How come we willingly take 2,700 year old verses and apply them to our particular moments? The truth is, we always have. Isaiah 54 follows the 53rd chapter (shocking, right?), which is a very familiar chapter to Christianity, because it is one of the key Old Testament chapters we as Christians use to state that it was foretold that the Messiah would be killed for the sake of the world. Starting in verse 4, we read these familiar words: “Surely our griefs he himself bore, and our sorrows he carried; yet we ourselves esteemed him stricken, smitten of God, and afflicted. But he was pierced through for our transgressions, he was crushed for our iniquities; the chastening for our well-being fell upon him, and by his scourging we are healed.”
For generations Jews have been stating that Christians take these words out of context, along with numerous others, because these verses were written about Israel, the suffering servant of God in 700 BCE. Christians have responded that when you read the stories of Jesus in the New Testament, it is obvious that these verses were written as a double meaning, applying both to Israel, and 700 years later to Jesus. Who is right? Well, that is matter of faith.
Now, let’s bring it to the present. Can we really say that this verse could apply to a football game in 2013? If I am being honest, I do not think it does. I will also state that I do think these verses could be reapplied to today in regards to the working of God in the world, as God continues to bring about the establishment of the Kingdom in this world.
So what do I think of the ‘miracle’ applied in the Ravens win, and Ray Lewis use of Isaiah 54:17 to help inspire his team? I think Lewis is a great motivator of people. He knows what will get his teammates fired up, and behind him. I also think Ray Lewis has a very deep Christian faith, which he draws upon on a daily basis. Because of his age, experience, stature, and maturity, Ray Lewis is looked up to by many people, not just his own teammates. I think he has led many football players to deepen their own faith, and make better decisions in their lives. Ray Lewis draws upon his faith to help lead people. It works. Ray Lewis is being exactly who he is.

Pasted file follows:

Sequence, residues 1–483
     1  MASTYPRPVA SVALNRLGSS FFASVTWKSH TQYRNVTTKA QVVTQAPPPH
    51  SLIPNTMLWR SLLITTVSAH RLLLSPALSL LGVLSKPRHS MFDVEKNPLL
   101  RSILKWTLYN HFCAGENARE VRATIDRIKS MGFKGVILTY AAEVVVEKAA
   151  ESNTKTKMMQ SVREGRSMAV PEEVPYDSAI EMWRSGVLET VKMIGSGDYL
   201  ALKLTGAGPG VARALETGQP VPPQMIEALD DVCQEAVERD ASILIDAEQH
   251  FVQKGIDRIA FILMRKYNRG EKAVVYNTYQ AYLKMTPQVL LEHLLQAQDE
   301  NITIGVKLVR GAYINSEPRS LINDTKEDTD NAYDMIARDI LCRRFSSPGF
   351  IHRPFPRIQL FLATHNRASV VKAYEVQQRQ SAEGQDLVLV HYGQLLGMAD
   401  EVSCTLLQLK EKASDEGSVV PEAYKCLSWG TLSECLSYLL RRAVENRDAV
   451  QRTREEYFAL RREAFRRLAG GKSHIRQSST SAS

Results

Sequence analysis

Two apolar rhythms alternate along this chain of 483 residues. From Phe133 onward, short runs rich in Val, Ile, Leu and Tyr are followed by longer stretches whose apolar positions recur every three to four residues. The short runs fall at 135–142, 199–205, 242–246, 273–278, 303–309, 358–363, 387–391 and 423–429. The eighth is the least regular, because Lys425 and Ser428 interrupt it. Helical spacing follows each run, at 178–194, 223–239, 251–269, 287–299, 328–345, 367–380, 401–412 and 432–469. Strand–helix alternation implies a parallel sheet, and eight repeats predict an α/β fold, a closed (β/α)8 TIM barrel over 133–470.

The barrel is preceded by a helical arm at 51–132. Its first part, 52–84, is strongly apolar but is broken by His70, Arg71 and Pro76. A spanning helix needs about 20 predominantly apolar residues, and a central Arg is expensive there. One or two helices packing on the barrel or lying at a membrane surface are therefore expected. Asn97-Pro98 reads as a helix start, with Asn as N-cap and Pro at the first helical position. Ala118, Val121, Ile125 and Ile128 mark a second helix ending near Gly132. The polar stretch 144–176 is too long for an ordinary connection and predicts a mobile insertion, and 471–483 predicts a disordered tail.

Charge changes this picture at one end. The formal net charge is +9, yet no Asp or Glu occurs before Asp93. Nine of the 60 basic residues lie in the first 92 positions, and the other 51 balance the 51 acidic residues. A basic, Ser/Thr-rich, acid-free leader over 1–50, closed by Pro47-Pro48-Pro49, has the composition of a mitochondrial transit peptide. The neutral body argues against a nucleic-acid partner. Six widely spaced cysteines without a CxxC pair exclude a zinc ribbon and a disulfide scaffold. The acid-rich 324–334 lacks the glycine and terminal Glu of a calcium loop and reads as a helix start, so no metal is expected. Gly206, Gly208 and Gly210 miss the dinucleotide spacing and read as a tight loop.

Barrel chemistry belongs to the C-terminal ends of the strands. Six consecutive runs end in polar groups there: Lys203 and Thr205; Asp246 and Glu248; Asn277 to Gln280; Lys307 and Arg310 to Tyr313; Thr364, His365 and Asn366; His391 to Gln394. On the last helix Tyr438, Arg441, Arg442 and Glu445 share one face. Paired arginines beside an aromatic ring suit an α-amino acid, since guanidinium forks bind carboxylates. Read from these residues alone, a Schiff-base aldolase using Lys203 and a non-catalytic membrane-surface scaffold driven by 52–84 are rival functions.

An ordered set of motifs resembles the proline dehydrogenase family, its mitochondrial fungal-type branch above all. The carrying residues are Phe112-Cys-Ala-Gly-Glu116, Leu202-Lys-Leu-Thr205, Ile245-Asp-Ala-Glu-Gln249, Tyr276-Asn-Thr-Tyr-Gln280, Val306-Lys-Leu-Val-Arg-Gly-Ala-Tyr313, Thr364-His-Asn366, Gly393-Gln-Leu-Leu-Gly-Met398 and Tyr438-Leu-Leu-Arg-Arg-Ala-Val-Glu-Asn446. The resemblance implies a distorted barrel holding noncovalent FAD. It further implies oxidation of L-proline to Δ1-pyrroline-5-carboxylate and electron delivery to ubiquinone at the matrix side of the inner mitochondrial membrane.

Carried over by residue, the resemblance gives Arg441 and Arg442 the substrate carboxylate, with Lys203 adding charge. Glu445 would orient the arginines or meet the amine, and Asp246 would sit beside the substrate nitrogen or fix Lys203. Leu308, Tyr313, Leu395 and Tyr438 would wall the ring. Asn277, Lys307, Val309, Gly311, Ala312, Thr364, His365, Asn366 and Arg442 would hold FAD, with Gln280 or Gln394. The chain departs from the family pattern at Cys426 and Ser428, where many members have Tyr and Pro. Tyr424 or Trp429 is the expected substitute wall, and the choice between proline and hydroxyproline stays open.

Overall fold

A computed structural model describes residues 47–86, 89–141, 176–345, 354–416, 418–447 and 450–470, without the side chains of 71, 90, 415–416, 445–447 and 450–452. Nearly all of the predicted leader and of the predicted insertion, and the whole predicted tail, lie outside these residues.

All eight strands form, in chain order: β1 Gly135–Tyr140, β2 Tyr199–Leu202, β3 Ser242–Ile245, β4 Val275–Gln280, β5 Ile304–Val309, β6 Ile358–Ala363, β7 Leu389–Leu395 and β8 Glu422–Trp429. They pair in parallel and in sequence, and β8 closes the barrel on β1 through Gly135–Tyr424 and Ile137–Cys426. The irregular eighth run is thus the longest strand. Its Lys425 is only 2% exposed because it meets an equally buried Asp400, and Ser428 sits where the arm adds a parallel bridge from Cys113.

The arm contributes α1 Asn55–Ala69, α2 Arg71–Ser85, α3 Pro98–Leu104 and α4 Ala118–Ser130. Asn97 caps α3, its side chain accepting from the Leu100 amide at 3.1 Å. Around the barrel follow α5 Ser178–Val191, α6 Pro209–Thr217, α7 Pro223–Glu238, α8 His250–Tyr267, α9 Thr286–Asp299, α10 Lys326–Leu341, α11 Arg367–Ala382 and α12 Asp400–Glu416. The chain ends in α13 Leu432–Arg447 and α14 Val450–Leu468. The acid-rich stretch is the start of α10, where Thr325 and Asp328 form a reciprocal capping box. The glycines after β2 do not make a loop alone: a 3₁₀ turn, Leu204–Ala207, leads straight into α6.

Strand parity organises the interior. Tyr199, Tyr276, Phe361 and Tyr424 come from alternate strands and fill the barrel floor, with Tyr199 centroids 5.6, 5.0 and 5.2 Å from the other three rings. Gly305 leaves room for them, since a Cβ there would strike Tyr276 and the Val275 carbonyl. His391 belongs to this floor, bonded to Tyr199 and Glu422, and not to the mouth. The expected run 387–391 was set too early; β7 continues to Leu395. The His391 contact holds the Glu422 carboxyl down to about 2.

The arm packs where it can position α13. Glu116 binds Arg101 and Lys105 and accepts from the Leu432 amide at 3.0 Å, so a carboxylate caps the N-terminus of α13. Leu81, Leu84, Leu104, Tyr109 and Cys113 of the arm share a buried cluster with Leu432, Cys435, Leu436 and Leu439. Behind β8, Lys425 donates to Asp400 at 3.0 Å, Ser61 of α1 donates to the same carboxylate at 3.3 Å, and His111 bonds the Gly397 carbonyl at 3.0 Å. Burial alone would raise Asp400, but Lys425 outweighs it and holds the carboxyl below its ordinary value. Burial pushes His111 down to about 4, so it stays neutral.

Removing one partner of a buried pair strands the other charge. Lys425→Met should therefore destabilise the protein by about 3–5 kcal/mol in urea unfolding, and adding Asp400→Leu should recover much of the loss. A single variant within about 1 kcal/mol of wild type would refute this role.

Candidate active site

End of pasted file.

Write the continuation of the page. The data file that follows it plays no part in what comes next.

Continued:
Let’s also make no mistake about it – the Baltimore Ravens are a good football team. They are about to play in their third AFC Championship game in five years. They started this season off red-hot, before injuries brought them back to earth. They still made the playoffs, and are still a formidable force. Are they inspired? Yes. They play to win, and they have a little extra boost because they are playing for their leader. Is this verse helping to propel this team forward? When their leader speaks it, it does.
I want to be careful in stressing that I don’t think this verse applies to football. I am certain that this verse will be applied again, however. It will be applied appropriately, in the context within which it was written over 2,700 years ago – when God’s Kingdom is established on earth for eternity. And there is no weapon on earth formed, or yet to be formed, which will stop that from happening.